Nickel superalloy 1.05        1.20   .90  .60  .38  .15
Tungsten           .95   .42   .39        .34  .31  .28  .25   .10   .08  .04
Below 1100 Celsius AlMohNbTahTiZr has the best strength-to-mass ratio and above this VNbMoTaW has the best ratio. Both alloys supercede nickel superalloy and both outperform tungsten, the metal with the highest melting point. Data:   
Entropy, nickel superalloy
Copper alloys
                  Yield strength (GPa)

Copper                  .27
Brass                   .41     30% zinc
Bronze                  .30     5% tin
Phosphor bronze         .69     10% tin, .25% phosphorus
Copper + beryllium     1.2      2% beryllium, .3% cobalt
Copper + nickel + zinc  .48     18% nickel, 17% zinc
Copper + nickel         .40     10% nickel, 1.25% iron, .4% manganese
Copper + aluminum       .17     8% aluminum

Bells and cymbals

Bells and cymbals are made from bell bronze, 4 parts copper and 1 part tin.


Mohs hardness

Carbide

Carbides are the hardest metallic materials.

10     Diamond
 9.5   BN, B4C, B, TiB2, ReB2
 9.25  TiC, SiC
 9.0   Corundum, WC, TiN
 8.5   Cr, TaC, Si3N4
 8     Topaz, Cubic zirconia
 7.5   Hardened steel, tungsten, emerald, spinel
 7     Osmium, Rhenium, Vanadium, Quartz

Full list of alloys
Primary  Added   Yield  Break  Stiff  Strain  Poi-  Density Vick  Elong  Yield/   Melt
metal    metals  (GPa)  (GPa)  (Gpa)          sson  (g/cm3)              density  (C)

Magnesium  Li              .16    45                 1.43             .098
Magnesium  Y2O3     .312   .318                      1.76             .177
Magnesium  Tube     .295   .39    49                 1.83        .05  .161
Beryllium           .345   .448  287  .0016  .032    1.85             .186
Aluminum   Be40     .41    .46   185                 2.27        .07  .181
Aluminum   Mg Li    .21    .35    75  .0047          2.51
Aluminum   Cu Li    .48    .53                       2.59             .185
Aluminum   Mg Sc    .433   .503                      2.64        .105 .164
LiMgAlScTi         1.97                              2.67  5.8        .738
Titanium   Be Al                                     3.91
Titanium   Al6V4    .89   1.03   114         .33     4.43   .34  .14          1660
Titanium   VCrMoAl 1.20   1.30                       4.6         .08  .261
Vit 1              1.9                               6.1   5.7
AlCoCrFeNiTih      2.26   3.14                       6.5         .23  .377
Zirconium  Liquid  1.52   1.52    93                 6.57   .56  .018 .231
AlCoCrFeNiMo       2.76                              7.1              .394
AlMohNbTahTiZr     2.0    2.37                       7.4              .270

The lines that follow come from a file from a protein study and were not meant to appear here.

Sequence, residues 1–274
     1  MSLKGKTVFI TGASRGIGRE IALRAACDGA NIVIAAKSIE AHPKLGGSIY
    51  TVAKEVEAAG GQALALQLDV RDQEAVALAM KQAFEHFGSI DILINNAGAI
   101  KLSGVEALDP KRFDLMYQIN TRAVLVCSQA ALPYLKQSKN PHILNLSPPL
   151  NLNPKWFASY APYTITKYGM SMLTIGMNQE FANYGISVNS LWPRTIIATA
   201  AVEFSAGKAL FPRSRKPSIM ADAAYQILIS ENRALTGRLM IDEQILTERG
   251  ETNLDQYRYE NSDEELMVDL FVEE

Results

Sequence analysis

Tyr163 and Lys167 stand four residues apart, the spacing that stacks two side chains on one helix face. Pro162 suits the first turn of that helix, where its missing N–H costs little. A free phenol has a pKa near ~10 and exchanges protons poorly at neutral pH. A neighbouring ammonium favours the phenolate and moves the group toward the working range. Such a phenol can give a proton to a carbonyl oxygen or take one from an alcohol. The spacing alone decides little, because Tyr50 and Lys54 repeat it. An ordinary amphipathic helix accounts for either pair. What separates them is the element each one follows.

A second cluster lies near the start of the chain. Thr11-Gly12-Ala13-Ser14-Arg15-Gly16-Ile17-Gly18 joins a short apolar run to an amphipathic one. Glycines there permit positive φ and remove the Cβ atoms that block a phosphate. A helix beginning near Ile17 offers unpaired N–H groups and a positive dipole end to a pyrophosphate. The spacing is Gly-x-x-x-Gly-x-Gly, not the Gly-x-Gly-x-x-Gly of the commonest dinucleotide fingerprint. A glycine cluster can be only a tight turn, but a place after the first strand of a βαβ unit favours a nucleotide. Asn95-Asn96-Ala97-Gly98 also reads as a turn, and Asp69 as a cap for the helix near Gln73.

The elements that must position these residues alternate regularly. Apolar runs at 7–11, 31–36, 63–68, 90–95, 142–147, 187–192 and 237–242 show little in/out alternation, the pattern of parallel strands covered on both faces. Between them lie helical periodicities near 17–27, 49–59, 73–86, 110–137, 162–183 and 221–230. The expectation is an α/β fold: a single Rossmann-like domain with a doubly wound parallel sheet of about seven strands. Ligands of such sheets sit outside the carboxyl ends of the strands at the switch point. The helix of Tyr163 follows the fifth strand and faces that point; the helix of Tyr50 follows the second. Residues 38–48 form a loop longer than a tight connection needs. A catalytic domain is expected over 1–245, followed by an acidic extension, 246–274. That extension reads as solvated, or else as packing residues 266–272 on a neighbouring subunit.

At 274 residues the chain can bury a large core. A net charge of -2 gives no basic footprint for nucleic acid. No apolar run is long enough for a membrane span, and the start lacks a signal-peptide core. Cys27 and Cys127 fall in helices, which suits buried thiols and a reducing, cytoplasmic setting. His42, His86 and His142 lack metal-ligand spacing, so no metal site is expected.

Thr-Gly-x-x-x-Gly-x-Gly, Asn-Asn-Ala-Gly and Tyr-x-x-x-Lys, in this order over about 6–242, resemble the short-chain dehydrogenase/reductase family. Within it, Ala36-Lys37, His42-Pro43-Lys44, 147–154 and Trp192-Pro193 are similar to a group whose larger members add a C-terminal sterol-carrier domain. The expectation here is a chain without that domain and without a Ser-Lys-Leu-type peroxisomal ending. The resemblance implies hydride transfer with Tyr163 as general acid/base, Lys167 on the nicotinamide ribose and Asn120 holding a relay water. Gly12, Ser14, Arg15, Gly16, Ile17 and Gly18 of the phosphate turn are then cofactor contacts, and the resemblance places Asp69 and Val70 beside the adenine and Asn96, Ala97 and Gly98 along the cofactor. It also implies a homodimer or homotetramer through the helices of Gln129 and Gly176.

Inconel 718                                          8.19
Copper     Be      1.2    1.48   130         .30     8.25             .145     866
CrFeNiV.5W                2.24                      ~8.5
Iron       Co Ni   2.07   2.38                       8.6         .11  .241
Iron       Cr Mo                                     9      .32
Nickel     Cr      1.2    2.3    245         .32     8.65  6.6
TiZrNbHfTa          .93                              9.94  3.83  .5
TiVNbMoTaW                                          11.70  4.95
VNbMoTaW                                            12.36
NbMoTaW                                             13.75
Molybdenum W45Hf1 ~1.8    2.14                     ~14.3   3.6   .126
Tungsten   MoNiFe   .62    .90   365                17.7         .10  .035

Yield:     Yield modulus
Break:     Tensile strength (breaking point)
Stiffness: Young's modulus
Strain:    Fractional strain at the breaking point
Poisson:   Poisson ratio
Many properties of alloys are approximately equal to a linear sum of the properties of its constituent elements. This applies for density, stiffness modulus, and Poisson's ratio.

Many properties of alloys can be dramatically different from those of its constiuent elements. This applies for the yield modulus, the tensile breaking modulus, and the hardness.

For aluminum alloys, density = 2.71 - .01 Mg - .079 Li.

Magnesium strengthens when alloyed with aluminum, nickel, copper, and neodymium.

Data:    TiVNbMoTaW    AlTiNbMo½Ta½Zr    Mg    Be+Al    Aluminum+Mg+Li    Table    Al+Be    Mg + Li    Mg alloys    Elasticity    Ti alloy    Ti alloy    Ti alloy textbook    Liquidmetal    Mg + tubes    Elasticity table    Al Cu Li    Al + tubes    Mg + tubes    W + Mo    Al Mg Sc    Fe + Co + Ni    Li2MgSc2Ti3Al2    Entropy survey    Entropy survey    Entropy survey *    CrFeNiV½W    Entropy rev 2014    Nickel Chromium    Copper textbook    TiZrNbHfTa


Vickers hardness
                       Min   Max

Valence compounds     1000  4000     carbides, borides, silicides
Intermetallic          650  1300
BCC lattice            300   700
FCC lattice            100   300